"I was free! My heart was filled with joy as I clasped the hand of my attorney and, with moist eyes, tried to express my gratitude. He placed his arms about me and, in a voice that sounded like the music of an angel's harp, he said, 'You and I will be friends forever. We'll be brothers; and whenever you need any help, you may come to me and I'll help you.' Since that day he has never forgotten me. We've been as close as brothers can be down through the years.
"Let me explain to you the fact that the courthouse where I had this wonderful experience was a little frame church during the progress of a revival, where the great truths of the Bible were being preached. One night, as I sat on a rear seat, the Holy Spirit, the High Sheriff of Heaven, arrested me and led me to the front in sight of all the people present. I was convicted and condemned, and confessed my guilt to Almighty God. There seemed no hope for me. My sins towered up before me. Then Jesus came and quieted my fears. He paid the penalty for all my sins and guilt. He pleaded my case in the high court of heaven and won my pardon. When this great truth dawned upon my mind, my heart was filled with gratitude and praise. There came a great love into my heart for my Saviour. That love has grown until He has the chief place in my life. Some day I expect to see Him face to face. That will be heaven for me. "We sing at times, 'What a friend we have in Jesus, all our sins and griefs to bear.' You will find this to be a reality when you put your trust in Him as your Saviour. He came into the world to save us from our sins and to bring peace and joy into our lives. He is the Friend you need."
WEIGLE AT HIGHLAND PARK BAPTIST CHURCH
In 1951, when he was 80 years old, Weigle approached Pastor Lee Roberson of Highland Park Baptist Church in Chattanooga, Tennessee, and said he would like to spend his remaining years near a Bible college campus to help train and inspire young people in the Lord’s work. The church provided Weigle with a nice apartment, and he lived there until he died 15 years later.
During those years, Tennessee Temple built a music center and named it the Weigle Center.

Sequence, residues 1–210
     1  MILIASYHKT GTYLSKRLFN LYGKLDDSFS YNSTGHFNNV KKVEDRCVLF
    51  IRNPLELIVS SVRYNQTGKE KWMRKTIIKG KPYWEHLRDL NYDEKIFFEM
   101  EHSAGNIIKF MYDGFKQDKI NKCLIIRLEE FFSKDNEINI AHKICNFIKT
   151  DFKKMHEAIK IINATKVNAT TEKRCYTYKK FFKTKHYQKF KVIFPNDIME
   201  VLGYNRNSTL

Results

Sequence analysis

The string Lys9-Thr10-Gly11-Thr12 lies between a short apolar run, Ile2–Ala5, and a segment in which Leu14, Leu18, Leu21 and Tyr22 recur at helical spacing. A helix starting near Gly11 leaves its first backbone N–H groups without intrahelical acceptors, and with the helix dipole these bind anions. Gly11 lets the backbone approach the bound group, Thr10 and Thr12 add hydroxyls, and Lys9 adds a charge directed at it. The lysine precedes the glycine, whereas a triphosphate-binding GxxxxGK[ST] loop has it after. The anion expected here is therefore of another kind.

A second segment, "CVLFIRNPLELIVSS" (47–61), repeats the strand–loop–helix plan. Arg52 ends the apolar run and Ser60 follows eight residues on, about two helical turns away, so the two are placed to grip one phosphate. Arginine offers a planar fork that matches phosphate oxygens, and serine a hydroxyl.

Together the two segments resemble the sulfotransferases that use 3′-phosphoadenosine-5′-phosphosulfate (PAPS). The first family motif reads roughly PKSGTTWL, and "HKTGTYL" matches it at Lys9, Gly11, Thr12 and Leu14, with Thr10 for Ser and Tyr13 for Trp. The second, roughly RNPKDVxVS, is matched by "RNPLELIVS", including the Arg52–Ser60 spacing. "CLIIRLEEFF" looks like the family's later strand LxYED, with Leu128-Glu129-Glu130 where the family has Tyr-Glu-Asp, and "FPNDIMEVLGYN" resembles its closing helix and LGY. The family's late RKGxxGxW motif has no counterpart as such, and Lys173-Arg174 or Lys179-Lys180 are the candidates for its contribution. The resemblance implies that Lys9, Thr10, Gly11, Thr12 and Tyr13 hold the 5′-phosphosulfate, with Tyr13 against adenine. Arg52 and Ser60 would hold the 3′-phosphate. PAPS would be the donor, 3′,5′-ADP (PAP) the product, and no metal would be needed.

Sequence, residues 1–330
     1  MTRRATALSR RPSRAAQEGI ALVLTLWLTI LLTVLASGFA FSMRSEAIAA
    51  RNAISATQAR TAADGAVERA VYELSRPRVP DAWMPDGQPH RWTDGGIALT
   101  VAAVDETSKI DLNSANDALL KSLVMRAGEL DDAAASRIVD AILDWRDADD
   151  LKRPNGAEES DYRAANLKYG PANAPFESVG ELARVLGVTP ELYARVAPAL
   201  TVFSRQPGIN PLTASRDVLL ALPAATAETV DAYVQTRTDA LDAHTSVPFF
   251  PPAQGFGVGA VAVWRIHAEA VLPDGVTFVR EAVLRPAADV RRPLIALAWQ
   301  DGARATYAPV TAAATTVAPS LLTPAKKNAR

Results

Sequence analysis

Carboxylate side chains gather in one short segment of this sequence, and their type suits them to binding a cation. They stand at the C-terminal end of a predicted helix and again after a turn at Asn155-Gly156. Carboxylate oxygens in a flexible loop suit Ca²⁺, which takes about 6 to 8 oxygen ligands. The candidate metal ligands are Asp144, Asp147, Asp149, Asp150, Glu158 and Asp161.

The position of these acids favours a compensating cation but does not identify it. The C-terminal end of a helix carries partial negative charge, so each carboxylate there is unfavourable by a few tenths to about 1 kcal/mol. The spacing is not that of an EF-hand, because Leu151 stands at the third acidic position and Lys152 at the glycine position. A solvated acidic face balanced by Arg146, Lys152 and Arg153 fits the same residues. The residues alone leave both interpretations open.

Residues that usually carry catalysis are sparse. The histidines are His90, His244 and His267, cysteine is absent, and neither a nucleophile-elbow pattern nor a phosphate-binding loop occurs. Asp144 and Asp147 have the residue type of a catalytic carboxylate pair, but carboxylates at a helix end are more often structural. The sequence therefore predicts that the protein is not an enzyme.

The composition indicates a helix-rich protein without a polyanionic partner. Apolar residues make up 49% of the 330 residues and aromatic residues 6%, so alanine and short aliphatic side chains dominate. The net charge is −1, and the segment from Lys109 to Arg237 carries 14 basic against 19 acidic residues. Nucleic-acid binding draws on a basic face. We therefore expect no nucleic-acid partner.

Weigle continued to write music in his old age. He wrote “A Garden of Roses” during those years and sang it personally in a service at Highland Park.
In his sermon, “The Key to Spiritual Growth,” Roberson said, “I never saw such a man in my life. The last time I saw Dr. Weigle in his room, in the Weigle apartment, he was sitting in his chair reading the Word of God and putting little notations by the side of verses--at 95 years of age!”
On Weigle’s 95th birthday, Highland Park hosted a big birthday party for him in the city auditorium in Chattanooga, and he sang “No One Ever Cared for Me Like Jesus” for the large crowd.
He died a few days later.
NO ONE EVER CARED FOR ME LIKE JESUS
by Charles F. Weigle
I would love to tell you what I think of Jesus
Since I found in Him a friend so strong and true;
I would tell you how He changed my life completely,
He did something that no other friend could do.
All my life was full of sin when Jesus found me,
All my heart was full of misery and woe;
Jesus placed His strong and loving arms about me,
And He led me in the way I ought to go.
Ev'ry day He comes to me with new assurance,
More and more I understand His words of love;
But I'll never know just why He came to save me,
Till some day I see His blessed face above.
No one ever cared for me like Jesus,
There's no other friend so kind as He;
No one else could take the sin and darkness from me,
Oh how much He cared for me.